Harming Competition and Consumers under the Guise of Protecting Privacy: An Analysis of Apple’s iOS 14 Policy Updates
USC CLASS Research Paper No. CLASS21-27
USC Law Legal Studies Paper No. 21-27
27 Pages Posted: 1 Jun 2021 Last revised: 1 Aug 2022
Date Written: June 14, 2021
Apple’s iOS 14 update represents an anti-competitive strategy disguised as a privacy-protecting measure. Apple now prohibits non-Apple apps from using information essential to providing relevant, personalized advertising, without explicit user opt-in. And users may opt-in only after they are shown an ominous and misleading prompt about “tracking,” one that Apple’s own apps and services need not display, because consumers are automatically “opted in” to Apple’s own tracking. Apple’s policy will have the pernicious effects of enhancing the dominance of iOS among mobile operating systems and the dominance of its own apps and services within the iOS ecosystem, while reducing consumer choice and devastating the free-app ecosystem.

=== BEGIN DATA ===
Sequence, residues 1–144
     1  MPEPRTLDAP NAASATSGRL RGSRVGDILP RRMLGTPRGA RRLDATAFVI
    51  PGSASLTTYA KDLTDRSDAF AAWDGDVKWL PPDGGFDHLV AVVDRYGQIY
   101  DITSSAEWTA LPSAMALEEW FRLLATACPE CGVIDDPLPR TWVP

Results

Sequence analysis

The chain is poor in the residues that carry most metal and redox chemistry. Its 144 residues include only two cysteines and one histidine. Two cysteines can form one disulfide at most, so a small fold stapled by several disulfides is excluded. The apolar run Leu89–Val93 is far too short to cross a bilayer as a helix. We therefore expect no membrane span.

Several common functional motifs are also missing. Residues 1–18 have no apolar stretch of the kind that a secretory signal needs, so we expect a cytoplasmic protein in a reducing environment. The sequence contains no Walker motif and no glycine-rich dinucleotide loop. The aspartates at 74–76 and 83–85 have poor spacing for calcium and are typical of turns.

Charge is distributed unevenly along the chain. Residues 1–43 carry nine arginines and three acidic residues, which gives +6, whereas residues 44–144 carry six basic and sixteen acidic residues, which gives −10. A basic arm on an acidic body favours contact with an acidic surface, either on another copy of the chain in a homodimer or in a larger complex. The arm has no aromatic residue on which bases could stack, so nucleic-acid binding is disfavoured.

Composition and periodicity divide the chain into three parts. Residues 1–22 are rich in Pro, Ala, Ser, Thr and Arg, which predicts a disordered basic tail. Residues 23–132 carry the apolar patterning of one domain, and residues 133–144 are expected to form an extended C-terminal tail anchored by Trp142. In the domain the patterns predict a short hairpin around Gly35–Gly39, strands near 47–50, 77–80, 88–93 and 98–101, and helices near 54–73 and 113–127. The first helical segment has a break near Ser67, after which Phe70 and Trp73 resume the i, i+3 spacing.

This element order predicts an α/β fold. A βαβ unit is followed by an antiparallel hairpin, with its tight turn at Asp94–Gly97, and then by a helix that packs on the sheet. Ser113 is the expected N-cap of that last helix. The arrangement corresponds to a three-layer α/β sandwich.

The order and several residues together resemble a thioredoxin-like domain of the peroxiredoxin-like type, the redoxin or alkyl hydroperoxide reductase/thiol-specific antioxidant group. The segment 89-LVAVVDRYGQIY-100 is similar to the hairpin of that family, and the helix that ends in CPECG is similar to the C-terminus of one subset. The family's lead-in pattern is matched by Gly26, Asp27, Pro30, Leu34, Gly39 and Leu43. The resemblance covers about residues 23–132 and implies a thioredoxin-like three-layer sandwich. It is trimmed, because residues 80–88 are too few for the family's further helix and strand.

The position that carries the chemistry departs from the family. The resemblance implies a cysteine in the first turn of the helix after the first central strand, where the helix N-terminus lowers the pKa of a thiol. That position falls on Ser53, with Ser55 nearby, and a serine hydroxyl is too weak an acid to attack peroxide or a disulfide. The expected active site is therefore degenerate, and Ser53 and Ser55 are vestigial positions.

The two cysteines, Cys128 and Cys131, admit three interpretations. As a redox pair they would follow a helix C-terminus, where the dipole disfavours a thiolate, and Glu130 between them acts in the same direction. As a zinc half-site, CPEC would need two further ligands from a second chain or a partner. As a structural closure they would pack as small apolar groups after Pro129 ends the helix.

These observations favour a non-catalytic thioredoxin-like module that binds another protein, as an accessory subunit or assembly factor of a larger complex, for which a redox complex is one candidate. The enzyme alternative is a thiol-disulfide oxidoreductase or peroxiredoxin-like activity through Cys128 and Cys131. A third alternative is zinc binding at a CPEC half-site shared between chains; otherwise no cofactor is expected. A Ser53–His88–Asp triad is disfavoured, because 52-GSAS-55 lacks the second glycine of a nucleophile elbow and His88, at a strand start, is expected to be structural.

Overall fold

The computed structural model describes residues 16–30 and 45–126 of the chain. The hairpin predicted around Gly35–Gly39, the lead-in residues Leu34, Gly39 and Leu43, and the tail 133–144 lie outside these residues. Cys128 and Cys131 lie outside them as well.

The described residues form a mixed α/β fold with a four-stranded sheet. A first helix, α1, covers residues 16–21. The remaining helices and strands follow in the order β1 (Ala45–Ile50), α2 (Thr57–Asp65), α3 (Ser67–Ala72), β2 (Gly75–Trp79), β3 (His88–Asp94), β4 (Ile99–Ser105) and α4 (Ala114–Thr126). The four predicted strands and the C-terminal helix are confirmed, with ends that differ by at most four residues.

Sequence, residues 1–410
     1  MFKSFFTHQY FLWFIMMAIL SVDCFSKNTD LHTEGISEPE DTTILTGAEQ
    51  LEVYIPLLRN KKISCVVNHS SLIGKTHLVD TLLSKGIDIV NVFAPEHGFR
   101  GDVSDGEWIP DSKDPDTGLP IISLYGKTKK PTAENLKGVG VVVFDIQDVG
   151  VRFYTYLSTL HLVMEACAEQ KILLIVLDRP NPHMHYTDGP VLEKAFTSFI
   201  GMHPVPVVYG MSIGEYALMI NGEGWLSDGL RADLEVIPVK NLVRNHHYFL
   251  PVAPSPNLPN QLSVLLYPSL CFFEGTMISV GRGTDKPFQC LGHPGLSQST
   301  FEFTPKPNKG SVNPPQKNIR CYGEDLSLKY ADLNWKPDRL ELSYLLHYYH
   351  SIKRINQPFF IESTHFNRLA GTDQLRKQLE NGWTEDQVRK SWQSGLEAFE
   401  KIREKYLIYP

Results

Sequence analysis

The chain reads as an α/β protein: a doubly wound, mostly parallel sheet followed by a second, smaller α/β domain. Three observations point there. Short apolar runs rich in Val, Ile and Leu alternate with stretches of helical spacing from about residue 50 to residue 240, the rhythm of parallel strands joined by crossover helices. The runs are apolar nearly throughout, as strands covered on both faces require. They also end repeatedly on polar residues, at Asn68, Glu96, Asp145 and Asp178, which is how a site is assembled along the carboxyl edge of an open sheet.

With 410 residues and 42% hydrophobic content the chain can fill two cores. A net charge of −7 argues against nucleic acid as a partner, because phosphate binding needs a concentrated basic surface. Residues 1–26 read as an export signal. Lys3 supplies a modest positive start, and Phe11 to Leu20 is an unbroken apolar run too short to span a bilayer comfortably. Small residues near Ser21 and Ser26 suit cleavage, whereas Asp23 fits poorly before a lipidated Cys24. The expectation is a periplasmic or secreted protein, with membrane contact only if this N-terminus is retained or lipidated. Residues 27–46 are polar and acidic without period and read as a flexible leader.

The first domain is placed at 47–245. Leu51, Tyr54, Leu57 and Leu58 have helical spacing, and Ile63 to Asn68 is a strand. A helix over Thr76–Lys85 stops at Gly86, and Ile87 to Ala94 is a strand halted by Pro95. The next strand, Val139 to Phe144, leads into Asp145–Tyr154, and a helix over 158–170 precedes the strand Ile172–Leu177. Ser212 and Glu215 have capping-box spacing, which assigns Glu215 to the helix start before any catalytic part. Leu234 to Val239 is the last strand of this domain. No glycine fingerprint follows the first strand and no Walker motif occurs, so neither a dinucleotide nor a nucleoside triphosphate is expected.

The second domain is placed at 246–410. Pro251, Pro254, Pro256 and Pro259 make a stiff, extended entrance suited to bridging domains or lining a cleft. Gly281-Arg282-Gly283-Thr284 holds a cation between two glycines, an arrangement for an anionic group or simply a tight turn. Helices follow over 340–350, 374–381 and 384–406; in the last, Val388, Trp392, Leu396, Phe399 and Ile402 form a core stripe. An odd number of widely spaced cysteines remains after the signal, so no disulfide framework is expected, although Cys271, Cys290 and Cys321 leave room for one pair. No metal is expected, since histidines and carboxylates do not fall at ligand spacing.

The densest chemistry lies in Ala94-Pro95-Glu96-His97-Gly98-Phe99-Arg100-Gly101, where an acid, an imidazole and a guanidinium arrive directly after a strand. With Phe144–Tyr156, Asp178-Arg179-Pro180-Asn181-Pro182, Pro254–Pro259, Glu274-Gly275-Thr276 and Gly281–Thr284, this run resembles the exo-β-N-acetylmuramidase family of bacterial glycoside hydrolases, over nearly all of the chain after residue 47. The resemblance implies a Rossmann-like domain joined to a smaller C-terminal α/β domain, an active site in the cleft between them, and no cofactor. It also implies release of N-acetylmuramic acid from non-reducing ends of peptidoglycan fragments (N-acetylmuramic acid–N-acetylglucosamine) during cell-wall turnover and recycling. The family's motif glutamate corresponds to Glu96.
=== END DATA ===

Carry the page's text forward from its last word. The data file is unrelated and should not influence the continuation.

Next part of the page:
This paper explains: (i) Apple’s dominance in mobile OSs and the competitive dynamics in the industry, including the critical role that personalized advertising plays in today’s mobile app ecosystem; (ii) how Apple’s iOS 14 updates dramatically alter today’s mobile OS ecosystem, wrongfully preference Apple’s own products and services, and help Apple protect and augment its dominance over iOS and more broadly over mobile OSs; and (iii) why such actions harm competition, and by extension, iOS users and consumers more broadly.
Keywords: ios, antitrust, competition policy, apple, platform, two sided market, antitrust economics
JEL Classification: D42, K21, L12, L40, L86
Suggested Citation: Suggested Citation